New Delhi: The status report filed by the Centre on April 24, 2020, in the ongoing Supreme Court case regarding the non-appointment of information commissioners and lack of transparency in the appointment process has left transparency activists flummoxed.
While the Centre claimed that “the process of appointment in respect of Information Commissioners in Central Information Commission has been completed within three months as directed” by the Supreme Court in its order of December 16, 2019, four posts of information commissioners are still vacant in the panel.
Reference to pre-December 16 event
In the status report, filed through the under secretary in the Department of Personnel and Training, the central government submitted that, in compliance of the apex court’s order of December 16, 2019, the government has “put the duly approved composition of search committee on the official website” of DoPT on December 23.
However, the status report – in a case filed by RTI activists Anjali Bhardwaj, Commodore (Retd.) Lokesh Batra and Amrita Johri – provided a detailed account of developments that took place before the December 16, 2019 order of the Supreme Court.
The Centre said in compliance with the court’s directive on filling up the vacancies of information commissioners, it had “an advertisement inviting particulars of interested persons for the 4 posts of Information Commissioners in the Central Information Commission was published earlier on the website of this Department on January 4, 2019, and also in all editions of 4 newspapers (2 each in English and Hindi) on January 8, 2019.” The government further submitted that January 25 was the last date for receipt of applications and that “256 applications had been received” till then.
These applications, it said, were placed before the search committee in its meeting on November 21, 2019.
‘Fresh advertisements issued as SC stipulated specifying terms and conditions of appointment’
The Centre also said that taking note of the apex court’s judgment of February 15, 2019, which stated that the terms and conditions on which appointments of information commissioners are to be made should be specifically stipulated in the advertisement, the search committee had called for fresh applications by re-advertising the posts.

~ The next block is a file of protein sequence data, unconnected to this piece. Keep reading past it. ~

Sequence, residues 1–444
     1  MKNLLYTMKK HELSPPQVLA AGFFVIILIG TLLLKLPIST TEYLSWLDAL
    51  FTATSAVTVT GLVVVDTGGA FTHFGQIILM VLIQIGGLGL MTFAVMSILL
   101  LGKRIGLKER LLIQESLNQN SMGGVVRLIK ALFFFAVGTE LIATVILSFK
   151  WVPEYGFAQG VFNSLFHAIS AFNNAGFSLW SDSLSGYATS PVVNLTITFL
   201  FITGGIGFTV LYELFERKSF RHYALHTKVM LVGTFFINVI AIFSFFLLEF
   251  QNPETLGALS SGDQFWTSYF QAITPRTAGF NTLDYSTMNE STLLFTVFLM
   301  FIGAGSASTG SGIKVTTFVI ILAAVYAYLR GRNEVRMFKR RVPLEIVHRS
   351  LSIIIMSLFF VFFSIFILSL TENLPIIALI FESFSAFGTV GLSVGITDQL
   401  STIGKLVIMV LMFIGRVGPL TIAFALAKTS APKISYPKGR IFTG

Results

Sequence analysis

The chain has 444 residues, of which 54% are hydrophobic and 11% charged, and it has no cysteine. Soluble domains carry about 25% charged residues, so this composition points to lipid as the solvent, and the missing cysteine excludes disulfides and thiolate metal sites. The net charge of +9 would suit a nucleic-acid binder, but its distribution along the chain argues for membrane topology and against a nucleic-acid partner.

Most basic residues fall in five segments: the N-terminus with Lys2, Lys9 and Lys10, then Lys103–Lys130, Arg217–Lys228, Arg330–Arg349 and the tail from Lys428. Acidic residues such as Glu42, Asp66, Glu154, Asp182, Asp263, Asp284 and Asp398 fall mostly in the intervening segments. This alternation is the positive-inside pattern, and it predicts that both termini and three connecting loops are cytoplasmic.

It said a fresh advertisement was published on the department’s website on December 12, 2019, and in four newspapers on December 14, 2019. The last date for the receipt of applications was January 3, 2020, and 250 applications were received by the due date.
Chief IC and one information commissioner appointed
The search committee then met on February 3 and February 13 for shortlisting the candidates. The applications of all shortlisted candidates were placed before the committee during its meeting on February 18 and it recommended the name of Amita Pandove as information commissioner. The president later gave his assent to her appointment on February 24 and she took an oath on March 6.
The Centre stated that the process for the appointment of the chief information commissioner was initiated on November 5, 2019, in anticipation of the vacancy arising in January 2020. The search committee was constituted and the advertisement was uploaded on the DoPT website on December 12 and placed in four newspapers on December 14. A total of 106 applications were received and the search committee met on February 3 and 13 to shortlist the candidates. Thereafter, a committee constituted under section 12, sub section 3 of the RTI Act recommended the name of Bimal Julka for the post and he was administered an oath on March 6 following the president’s assent.